It was odd to many at the time why Merthyr (South Wales) Ltd even bothered submitting an application that would almost certainly be rejected. However, the pending application for an extension was then cited as a reason by the council to not take enforcement action. This was despite activist group Coal Action Network having proven that the mine’s owners had ignored the end of planning permission and continued to extract coal illegally. The council said it would only take enforcement action if councillors rejected the application – even though this was virtually guaranteed. Under this pretext, the council allowed Merthyr (South Wales) Ltd to mine 240,000 tonnes of coal over the eight months since September - according to estimates based on UK Coal Authority figures from last year - rebuffing many calls to stop the illegal mining, before it finally handed the application to councillors for a decision on 26 April 2023. As predicted, Welsh government policies resulted in permission being refused.
Cease and desist?
In recent weeks locals have continued to spot trucks filled with coal exiting Ffos-y-Fran in defiance of the councillors’ decision, while drone footage captured on May 19 also appears to show active mining at the site. But council leaders have yet to take any form of enforcement action to stop the ongoing breach of planning control, seemingly intent on Merthyr (South Wales) Ltd obtaining the nine-month extension regardless. Environmental law firm Richard Buxton Solicitors, acting on behalf of Coal Action Network, has advised the council to issue a Temporary Stop Notice to the mining company, to rapidly stop the environmental damage. Yet the council refuses, without clear grounds for doing so, despite having already acknowledged that extraction has continued in correspondence with campaigners and local residents. The lawyers also advise that the Welsh government could step in to stop the ongoing illegal activity at Ffos-y-Fran under UK planning laws, following the council’s failure to take enforcement action. But so far nothing has happened on that front.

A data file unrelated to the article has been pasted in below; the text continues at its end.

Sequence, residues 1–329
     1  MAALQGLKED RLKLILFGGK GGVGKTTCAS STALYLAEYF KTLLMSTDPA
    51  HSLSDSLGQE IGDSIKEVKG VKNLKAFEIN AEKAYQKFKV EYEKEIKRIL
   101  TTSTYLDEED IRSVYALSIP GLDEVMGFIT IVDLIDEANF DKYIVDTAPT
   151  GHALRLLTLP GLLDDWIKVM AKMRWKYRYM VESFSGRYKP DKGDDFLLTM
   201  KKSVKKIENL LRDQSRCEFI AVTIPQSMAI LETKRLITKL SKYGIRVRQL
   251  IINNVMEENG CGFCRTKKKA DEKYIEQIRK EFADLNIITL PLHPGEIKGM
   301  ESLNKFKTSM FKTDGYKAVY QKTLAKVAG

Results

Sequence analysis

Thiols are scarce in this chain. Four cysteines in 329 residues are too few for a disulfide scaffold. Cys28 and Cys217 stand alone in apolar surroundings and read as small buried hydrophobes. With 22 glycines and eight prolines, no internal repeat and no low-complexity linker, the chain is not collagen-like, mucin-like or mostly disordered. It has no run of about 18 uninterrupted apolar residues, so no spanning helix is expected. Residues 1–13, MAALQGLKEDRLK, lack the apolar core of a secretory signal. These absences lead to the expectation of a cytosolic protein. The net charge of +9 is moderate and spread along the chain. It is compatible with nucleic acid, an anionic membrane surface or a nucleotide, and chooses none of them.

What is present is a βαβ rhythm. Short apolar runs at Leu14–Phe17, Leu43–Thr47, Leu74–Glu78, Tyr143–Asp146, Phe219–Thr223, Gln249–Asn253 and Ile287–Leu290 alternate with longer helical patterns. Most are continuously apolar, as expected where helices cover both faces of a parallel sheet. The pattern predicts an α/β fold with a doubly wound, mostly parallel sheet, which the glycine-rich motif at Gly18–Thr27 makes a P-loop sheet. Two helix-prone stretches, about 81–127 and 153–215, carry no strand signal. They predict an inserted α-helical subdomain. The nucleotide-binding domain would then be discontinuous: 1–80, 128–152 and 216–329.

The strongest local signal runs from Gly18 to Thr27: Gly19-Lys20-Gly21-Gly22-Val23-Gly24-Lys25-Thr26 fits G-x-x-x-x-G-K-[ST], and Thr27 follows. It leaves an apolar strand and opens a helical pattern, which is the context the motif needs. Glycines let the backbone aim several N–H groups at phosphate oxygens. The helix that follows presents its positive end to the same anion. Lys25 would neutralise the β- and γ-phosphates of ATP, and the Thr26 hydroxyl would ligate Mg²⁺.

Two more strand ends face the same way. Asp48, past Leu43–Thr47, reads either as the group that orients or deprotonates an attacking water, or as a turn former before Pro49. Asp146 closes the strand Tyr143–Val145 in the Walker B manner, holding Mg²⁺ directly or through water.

Through delay and inaction Merthyr Tydfil County Borough Council and the Welsh government will have allowed a further 60,000 tonnes of illicit coal to be extracted and sold by the mining company since permission was rejected in April, bringing the total figure to around 300,000 over nine months - a climate toll of almost a million tonnes of CO2. Will this mean Merthyr (South Wales) Ltd pays for the restoration promised to the local community, or will the council still be forced to accept a cheaper offer by the company? Only time will tell. But the example of a coal-mining company like Celtic Energy Ltd, which evaded around £150 million in restoration costs over the past decade, leaves little optimism among local residents who always pay the price.
The story of Ffos-y-Fran casts doubt on the UK government’s reassurances that its new Whitehaven coal mine in Cumbria would be tightly regulated. Instead, we should look to Scotland’s de facto ban on all forms of coal mining, passed in October 2022. Nothing short of a clear moratorium by both the UK and Welsh governments is acceptable to protect our climate commitments and send a strong message internationally that coal mining is incompatible with a liveable future on this planet.
Daniel Therkelsen is a campaigner with Coal Action Network, a group supporting grassroots community resistance to UK coal mining.